It’s no secret that the fifth season of Fear the Walking Dead was not received well by viewers. The series forgot what makes The Walking Dead work, repeatedly added characters without killing any off, and took a completely nonsensical turn in its finale. The series has struggled creatively basically since Madison was killed off in the fourth midseason finale, although to its credit, it has tried a few different things. Unfortunately, nothing has really worked, which has been a problem with Fear off and on since the outset.
However, after stabilizing when Morgan came over from The Walking Dead, ratings for Fear the Walking Dead started to slide again in the fifth season, social media chatter was overwhelmingly negative, and some fans even petitioned to have showrunners Andrew Chambliss and Ian Goldberg fired.
Scott Gimple, who is the architect of The Walking Dead universe and helps Chambliss and Goldberg run Fear the Walking Dead, addressed some of that backlash with Dalton Ross over at EW this week.
Season 5 was about setting up this journey that these characters are on through there to season 6, and I think people are going to see the relationship between those two seasons. I think even getting to the very end of season 5, the last few moments, really informing that whole season about reaching for benevolence and reaching for sweetness and art and just life and how in the circumstances they’re in, it didn’t work, and how we leave a person that put that forward isolated, alone, bleeding in a dead town …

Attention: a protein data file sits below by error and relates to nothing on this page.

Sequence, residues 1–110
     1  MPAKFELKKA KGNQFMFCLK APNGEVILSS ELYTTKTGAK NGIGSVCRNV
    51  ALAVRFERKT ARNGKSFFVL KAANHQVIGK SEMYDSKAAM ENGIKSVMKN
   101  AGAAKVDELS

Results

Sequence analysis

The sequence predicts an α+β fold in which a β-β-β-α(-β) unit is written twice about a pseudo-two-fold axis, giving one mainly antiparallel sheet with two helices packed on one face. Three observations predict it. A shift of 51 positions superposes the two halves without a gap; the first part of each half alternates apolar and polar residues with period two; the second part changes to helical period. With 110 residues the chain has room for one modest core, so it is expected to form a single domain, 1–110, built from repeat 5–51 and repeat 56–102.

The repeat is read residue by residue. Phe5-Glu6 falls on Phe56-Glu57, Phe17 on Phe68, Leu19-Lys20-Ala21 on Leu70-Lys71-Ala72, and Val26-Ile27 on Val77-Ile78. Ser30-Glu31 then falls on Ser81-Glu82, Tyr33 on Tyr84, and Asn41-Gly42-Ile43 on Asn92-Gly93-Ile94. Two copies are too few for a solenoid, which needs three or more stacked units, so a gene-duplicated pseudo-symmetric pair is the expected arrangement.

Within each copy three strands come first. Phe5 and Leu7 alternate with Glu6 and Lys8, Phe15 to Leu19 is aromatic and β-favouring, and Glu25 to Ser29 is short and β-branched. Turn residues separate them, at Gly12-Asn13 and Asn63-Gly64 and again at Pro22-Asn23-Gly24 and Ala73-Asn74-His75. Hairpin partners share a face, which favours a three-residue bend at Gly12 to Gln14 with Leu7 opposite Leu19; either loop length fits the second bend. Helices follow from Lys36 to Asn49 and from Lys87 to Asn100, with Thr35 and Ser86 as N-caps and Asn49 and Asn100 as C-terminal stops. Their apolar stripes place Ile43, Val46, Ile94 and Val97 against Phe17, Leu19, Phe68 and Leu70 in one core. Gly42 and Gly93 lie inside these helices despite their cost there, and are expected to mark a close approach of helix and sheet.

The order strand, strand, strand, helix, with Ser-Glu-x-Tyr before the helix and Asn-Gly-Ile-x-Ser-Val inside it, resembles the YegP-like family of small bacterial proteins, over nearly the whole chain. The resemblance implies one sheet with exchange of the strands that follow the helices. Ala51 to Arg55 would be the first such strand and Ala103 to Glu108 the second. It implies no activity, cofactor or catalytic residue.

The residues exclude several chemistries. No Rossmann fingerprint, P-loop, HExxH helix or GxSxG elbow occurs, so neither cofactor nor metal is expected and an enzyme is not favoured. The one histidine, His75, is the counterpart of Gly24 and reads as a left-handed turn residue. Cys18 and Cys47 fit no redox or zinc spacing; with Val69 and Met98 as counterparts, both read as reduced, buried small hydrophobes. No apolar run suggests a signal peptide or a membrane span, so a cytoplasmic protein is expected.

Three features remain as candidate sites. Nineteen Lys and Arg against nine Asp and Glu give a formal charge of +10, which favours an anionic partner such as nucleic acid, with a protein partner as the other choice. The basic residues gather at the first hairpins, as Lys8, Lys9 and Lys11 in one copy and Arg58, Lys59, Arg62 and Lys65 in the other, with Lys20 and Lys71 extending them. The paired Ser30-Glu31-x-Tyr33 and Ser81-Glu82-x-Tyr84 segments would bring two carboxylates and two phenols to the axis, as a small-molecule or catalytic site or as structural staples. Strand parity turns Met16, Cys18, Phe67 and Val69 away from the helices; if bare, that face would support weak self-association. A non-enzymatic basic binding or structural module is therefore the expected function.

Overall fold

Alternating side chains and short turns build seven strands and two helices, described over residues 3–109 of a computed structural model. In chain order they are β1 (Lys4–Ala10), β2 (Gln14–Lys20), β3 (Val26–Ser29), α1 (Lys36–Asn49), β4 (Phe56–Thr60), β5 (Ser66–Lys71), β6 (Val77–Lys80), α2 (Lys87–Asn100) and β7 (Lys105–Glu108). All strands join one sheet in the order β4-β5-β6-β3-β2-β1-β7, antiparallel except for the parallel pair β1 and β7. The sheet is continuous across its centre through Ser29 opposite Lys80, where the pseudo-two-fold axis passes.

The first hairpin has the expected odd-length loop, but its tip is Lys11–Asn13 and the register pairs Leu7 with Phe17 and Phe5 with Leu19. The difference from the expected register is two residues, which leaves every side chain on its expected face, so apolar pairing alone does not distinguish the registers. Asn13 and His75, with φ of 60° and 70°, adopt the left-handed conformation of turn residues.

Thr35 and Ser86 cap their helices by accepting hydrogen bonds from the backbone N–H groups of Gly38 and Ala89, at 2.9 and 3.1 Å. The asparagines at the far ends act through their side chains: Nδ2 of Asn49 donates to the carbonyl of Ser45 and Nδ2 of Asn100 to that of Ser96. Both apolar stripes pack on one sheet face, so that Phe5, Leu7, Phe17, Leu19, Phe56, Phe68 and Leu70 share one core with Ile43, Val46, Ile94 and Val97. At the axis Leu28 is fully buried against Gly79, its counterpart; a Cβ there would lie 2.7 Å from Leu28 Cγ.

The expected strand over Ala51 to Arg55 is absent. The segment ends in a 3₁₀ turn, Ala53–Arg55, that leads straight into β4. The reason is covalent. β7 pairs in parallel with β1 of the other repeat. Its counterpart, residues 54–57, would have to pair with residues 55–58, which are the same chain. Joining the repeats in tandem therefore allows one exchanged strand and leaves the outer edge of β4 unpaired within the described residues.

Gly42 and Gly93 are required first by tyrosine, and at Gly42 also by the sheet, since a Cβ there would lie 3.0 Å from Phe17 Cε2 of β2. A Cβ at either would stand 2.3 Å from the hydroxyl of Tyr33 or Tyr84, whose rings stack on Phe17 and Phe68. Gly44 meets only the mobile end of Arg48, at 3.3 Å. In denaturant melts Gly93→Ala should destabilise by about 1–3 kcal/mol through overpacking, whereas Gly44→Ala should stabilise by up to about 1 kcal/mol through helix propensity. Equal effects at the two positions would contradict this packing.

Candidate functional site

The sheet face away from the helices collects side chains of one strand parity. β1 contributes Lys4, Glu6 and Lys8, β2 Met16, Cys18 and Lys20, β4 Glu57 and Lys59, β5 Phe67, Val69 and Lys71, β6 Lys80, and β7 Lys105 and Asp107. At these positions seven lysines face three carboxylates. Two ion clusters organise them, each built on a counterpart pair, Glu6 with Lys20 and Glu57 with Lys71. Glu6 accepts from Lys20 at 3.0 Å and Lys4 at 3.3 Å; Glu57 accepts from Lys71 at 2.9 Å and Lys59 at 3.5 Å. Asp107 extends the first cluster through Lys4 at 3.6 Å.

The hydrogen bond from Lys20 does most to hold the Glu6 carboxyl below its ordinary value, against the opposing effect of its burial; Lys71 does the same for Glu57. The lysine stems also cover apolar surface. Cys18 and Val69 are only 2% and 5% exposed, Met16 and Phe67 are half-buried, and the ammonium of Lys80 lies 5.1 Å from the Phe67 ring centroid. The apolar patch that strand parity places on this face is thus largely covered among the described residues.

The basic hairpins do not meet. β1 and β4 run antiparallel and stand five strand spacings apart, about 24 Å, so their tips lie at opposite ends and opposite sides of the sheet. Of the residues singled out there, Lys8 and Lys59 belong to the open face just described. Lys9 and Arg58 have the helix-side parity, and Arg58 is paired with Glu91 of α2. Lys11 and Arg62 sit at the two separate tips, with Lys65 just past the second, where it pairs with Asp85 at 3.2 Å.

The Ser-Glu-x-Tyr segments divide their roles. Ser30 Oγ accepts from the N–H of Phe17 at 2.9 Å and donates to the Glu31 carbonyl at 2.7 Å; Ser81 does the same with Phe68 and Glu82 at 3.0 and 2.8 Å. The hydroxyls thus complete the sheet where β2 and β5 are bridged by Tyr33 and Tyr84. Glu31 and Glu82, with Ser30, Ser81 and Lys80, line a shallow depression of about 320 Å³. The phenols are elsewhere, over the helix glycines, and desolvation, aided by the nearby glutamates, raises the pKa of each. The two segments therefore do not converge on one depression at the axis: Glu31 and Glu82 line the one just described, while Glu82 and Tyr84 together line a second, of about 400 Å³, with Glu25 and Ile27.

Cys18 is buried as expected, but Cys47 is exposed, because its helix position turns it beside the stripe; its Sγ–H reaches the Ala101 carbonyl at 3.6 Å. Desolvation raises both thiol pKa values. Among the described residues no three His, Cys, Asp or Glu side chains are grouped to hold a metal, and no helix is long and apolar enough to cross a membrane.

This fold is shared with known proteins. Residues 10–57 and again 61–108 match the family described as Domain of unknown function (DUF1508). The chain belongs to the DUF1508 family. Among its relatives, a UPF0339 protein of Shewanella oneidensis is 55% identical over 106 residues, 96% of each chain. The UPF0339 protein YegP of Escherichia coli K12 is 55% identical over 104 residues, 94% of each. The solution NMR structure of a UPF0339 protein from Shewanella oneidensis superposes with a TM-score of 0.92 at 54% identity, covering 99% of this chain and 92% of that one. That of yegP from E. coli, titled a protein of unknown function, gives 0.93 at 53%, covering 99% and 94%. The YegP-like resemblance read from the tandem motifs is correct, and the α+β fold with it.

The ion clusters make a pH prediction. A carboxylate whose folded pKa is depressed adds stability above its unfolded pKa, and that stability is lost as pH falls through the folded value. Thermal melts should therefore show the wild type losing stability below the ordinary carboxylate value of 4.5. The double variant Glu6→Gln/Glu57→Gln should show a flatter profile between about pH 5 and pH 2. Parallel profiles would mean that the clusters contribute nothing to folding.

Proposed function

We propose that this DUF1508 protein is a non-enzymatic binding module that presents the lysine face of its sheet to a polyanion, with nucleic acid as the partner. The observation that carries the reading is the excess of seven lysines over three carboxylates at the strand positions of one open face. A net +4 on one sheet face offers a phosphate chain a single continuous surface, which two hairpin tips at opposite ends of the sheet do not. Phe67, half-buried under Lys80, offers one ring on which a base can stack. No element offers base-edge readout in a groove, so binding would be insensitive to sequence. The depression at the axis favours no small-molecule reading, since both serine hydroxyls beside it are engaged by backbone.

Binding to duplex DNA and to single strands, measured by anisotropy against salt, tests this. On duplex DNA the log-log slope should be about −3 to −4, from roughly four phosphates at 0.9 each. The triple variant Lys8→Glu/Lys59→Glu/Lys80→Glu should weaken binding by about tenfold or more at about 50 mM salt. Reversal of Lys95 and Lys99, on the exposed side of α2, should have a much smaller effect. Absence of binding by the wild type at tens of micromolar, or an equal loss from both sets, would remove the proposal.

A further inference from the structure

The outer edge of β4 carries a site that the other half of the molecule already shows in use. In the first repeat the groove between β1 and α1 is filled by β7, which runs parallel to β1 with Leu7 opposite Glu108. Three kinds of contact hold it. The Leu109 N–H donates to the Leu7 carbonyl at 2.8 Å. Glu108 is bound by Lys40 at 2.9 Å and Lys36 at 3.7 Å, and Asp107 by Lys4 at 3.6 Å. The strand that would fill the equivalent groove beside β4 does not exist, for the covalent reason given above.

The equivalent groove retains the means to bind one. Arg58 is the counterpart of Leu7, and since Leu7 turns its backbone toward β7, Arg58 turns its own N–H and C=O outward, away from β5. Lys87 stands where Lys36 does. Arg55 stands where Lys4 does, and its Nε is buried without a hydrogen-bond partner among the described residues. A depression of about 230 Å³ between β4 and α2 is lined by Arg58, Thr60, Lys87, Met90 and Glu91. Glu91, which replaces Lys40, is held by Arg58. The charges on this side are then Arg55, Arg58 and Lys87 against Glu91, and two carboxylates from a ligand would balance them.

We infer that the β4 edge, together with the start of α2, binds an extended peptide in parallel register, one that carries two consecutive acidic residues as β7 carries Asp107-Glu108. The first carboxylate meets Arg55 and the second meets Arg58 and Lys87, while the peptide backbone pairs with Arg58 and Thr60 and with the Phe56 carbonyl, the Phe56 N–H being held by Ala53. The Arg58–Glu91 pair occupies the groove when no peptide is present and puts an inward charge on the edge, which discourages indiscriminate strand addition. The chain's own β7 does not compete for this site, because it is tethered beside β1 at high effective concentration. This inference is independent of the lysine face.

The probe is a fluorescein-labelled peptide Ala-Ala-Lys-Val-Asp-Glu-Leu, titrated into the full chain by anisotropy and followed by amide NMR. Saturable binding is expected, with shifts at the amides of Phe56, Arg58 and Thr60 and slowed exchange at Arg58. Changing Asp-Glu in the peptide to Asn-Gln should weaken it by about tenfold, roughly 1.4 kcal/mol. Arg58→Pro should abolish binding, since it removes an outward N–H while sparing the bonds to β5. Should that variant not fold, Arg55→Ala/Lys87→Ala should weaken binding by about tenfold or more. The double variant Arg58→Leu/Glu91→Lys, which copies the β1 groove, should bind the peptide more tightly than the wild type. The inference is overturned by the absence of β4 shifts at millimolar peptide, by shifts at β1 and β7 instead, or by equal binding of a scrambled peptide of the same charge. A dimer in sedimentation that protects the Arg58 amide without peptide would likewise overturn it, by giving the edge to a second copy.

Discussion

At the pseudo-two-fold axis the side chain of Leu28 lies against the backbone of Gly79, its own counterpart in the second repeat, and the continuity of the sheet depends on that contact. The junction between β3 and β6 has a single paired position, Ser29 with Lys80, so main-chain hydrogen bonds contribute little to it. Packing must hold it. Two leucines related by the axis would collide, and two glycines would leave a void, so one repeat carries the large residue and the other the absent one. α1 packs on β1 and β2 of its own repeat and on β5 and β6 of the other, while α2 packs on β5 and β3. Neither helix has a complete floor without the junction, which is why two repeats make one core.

… This season 5 as a piece setting up season 6 into a truly serialized entertainment, I think people might see the relationship and the journey, why the journey went the way it did. I was so happy with the way that everybody did. I think it really did come together in the end in this really tragic way that we couldn’t have gotten to without the journey that we had been on.
Gimple even went so far as to compare the fifth season of Fear the Walking Dead to the second season of The Walking Dead — the season centered on Hershel’s barn — suggesting that people only ended up enjoying that season in retrospect, and that viewers didn’t appreciate that season until the barn door was opened. Gimple added that season five of Fear the Walking Dead was “always the plan,” which is something I’m not sure I’d want to admit:
I hope that anybody who had an issue with it can see this upcoming season and see how that led to this, because it was always the plan, to tell a story of some serious contrasts.
All due respect to Gimple, but I’m not so sure I buy the explanation. I have heard of filler episodes, and table-setting episodes, but I have never heard of a table-setting season, in particular one that misfired as much as the fifth season of Fear the Walking Dead. As with any series, it’s ultimately more about the journey than the destination, and Gimple is suggesting here that Fear needed to take a 16-hour detour on a gravel road with landmines before it could find its wave to the freeway.
Frankly, that explanation is not particularly respectful of the passion and time that fans of The Walking Dead universe devote to Fear. I think a better response is simply to own up to the the season’s faults and promise to make efforts to improve the series in the sixth season. It is not out of the question, after all, for a series in The Walking Dead universe to have an off year (or two), see: The Walking Dead seasons 2, 7, and 8. That series, however, put in the effort necessary to turn it around creatively, and like TWD, Fear does have a cast of characters very much capable of doing the same.